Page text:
And boy, did we find it! Calidario thermal springs are natural Etruscan baths in the next village over to ours. Naturally, like everything in Italy, if it moves, breathes, gives any form of view or spectacle, a huge price tag is wacked on it, but in temps of 34degrees and a son whose eczema was needing some kind of miracle to get better, we decided to budget in a couple of days spent here. Interestingly this place was almost empty and there were sunbeds galore! And there speaks the difference – we will pay through the nose to get away from other people whereas the Italians are happy to sit for hours on their neighbours’ laps and it’s free! For us though, it was worth it. We spent the whole day there enjoying the baths and sitting out reading our books. Master Beehive the elder was able to swim without pain and the baths came highly recommended as a good place for people with all kinds of conditions, so he didn’t feel freakish about taking off his t-shirt either. It has actually done his skin a lot of good, so this place gets the thumbs up (and free access to our credit card naturally *sigh*).
Back in our village, we arrived at the beginning of Apritiborgo. This is a week long festival in which there is entertainment every night from 8 until midnight, street food vendors and a great atmosphere. Once we discovered what we needed to do after misunderstanding the estate agent’s Italian to think we had to get our ticket for our car otherwise we wouldn’t be able to get into the village all week – yes, there was disaster in the air about being trapped on a hill town in Tuscany for the first week of our holiday – not too dissimilar to finding ourselves in a walled town in Morocco in the middle of Ramadan last year – it’s been known to happen…don’t laugh! We got the first gift of the holiday by finding an English speaking Italian who told us it was free for resident (we were classed as residents) there’s that ‘freeeeeeeee’ again! It also referred to us as people rather than the car, so we were able to come and go into the village, although, as we discovered yesterday on arriving back a little later than anticipated, late parking ie: after 6pm, is more of a bun fight.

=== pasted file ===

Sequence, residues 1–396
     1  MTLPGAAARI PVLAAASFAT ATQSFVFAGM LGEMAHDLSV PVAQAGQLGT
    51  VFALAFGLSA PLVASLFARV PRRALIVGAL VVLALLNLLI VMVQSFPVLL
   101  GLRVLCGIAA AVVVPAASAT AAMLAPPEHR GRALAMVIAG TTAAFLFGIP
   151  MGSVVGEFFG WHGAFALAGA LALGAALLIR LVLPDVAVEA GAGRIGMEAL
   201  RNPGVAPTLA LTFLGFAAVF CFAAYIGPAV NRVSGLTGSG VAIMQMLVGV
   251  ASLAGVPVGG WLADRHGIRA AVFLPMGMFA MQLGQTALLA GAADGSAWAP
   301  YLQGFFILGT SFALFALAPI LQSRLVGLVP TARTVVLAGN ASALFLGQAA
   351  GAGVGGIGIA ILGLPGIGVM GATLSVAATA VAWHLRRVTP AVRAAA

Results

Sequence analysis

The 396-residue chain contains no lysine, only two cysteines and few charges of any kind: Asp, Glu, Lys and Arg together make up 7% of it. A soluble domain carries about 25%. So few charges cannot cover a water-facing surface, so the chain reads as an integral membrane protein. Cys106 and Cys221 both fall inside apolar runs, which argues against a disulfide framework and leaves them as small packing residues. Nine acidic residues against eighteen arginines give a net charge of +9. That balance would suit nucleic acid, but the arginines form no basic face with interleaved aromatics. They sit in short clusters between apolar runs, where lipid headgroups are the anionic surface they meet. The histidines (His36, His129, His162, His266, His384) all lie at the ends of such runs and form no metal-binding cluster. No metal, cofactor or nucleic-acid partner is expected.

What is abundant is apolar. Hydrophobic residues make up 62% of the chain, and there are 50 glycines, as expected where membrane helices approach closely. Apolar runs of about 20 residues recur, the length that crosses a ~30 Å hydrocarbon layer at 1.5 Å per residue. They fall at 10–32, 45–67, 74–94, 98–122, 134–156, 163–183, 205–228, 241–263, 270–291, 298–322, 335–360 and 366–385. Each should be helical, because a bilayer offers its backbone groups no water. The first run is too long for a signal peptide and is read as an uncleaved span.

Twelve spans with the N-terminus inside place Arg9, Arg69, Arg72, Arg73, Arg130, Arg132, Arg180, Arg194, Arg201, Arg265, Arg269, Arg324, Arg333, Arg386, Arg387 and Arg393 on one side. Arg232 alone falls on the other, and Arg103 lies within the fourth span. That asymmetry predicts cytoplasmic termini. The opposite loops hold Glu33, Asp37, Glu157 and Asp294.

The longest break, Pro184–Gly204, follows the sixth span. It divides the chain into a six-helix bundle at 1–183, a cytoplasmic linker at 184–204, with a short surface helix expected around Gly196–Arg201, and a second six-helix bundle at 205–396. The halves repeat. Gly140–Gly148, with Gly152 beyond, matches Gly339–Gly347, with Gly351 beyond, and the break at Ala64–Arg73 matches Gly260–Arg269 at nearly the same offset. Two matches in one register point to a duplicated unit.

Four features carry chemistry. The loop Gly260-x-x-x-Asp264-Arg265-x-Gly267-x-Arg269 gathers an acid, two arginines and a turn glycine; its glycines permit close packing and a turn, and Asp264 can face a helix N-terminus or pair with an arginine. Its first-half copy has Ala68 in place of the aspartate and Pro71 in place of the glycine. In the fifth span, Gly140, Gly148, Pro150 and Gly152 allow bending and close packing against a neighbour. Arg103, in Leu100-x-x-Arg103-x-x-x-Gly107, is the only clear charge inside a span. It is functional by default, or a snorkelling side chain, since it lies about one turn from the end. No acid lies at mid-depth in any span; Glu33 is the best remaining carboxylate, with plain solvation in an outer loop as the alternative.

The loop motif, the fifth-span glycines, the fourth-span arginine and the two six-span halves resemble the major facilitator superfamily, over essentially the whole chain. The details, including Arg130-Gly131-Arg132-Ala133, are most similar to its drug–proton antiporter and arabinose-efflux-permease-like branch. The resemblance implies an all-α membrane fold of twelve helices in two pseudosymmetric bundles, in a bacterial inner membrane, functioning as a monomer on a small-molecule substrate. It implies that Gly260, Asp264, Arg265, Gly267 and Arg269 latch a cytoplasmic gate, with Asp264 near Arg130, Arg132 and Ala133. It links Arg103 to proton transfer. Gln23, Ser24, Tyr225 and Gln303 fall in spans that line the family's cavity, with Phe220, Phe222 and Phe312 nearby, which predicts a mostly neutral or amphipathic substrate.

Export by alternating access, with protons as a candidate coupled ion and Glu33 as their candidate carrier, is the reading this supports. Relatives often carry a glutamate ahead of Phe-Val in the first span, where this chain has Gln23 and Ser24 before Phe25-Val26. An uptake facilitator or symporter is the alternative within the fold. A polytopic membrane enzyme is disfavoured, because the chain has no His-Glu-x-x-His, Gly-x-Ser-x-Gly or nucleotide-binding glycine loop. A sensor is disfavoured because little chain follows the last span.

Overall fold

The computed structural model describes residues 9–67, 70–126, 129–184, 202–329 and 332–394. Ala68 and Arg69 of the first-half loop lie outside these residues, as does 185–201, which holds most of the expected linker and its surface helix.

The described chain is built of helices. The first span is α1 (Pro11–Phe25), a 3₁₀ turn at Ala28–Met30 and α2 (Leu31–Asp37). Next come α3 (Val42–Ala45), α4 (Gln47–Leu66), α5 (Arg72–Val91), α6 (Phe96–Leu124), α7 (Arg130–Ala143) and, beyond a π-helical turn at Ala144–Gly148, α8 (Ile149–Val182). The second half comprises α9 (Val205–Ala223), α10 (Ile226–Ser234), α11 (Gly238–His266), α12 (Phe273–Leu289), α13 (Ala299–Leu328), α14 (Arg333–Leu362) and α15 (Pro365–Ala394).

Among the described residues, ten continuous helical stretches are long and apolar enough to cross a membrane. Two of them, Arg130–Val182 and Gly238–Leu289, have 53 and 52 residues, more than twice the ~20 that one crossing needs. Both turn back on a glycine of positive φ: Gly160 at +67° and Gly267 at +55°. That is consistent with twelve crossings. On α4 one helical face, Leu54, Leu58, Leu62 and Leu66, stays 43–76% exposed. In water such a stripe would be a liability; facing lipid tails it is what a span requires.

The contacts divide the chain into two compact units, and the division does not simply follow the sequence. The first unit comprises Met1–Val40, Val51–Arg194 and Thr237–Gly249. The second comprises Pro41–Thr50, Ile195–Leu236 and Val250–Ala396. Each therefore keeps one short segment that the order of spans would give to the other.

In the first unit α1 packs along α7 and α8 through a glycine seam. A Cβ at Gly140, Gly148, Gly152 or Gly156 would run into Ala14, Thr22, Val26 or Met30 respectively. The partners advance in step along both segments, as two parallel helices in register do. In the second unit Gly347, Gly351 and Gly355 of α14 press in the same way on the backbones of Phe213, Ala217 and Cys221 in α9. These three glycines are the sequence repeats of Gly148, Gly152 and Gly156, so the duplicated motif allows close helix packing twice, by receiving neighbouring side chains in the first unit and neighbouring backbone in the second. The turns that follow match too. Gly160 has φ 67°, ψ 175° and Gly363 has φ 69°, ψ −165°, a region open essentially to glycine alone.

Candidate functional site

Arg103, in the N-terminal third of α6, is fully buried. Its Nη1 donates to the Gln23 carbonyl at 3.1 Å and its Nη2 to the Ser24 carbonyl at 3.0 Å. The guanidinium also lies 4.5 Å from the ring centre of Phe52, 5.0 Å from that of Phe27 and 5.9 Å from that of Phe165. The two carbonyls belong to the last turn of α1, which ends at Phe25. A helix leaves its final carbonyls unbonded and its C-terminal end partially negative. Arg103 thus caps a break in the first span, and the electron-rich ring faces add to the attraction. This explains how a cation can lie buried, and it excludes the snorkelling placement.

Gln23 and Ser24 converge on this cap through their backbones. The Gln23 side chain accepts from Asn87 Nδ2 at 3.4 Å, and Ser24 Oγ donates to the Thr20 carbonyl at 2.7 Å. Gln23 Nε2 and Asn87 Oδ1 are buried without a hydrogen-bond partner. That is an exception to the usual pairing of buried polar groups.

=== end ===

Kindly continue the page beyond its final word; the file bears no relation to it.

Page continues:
We have since been to the festival almost each evening, sampling the different street entertainment and food. Wild boar Panini at dusk, overlooking vinyards, sat at the foot of a ruined castle seems somewhat light years away from the fact that it’s a really just an overblown hot dog in the park. The mood and atmosphere was lovely. Of course, no evening would be complete without sampling yet another couple of flavours from the local gelateria in the main square. Our rating for our local gelateria is 7/10. It loses marks on the presentation and the fact that they ran out of two flavours on day two of our stay and we’ve yet to see them return, instead they have been replaced with ‘milk’ flavour and ‘cream’ flavour, which in my book is a bit of a cop out considering that cream/milk is the number one ingredient anyway! So far we have a list of flavours that do NOT go together and a list of flavours that really, really do. My favourite is mela verde and mango…I’ll leave you to your Italian dictionaries to figure it out.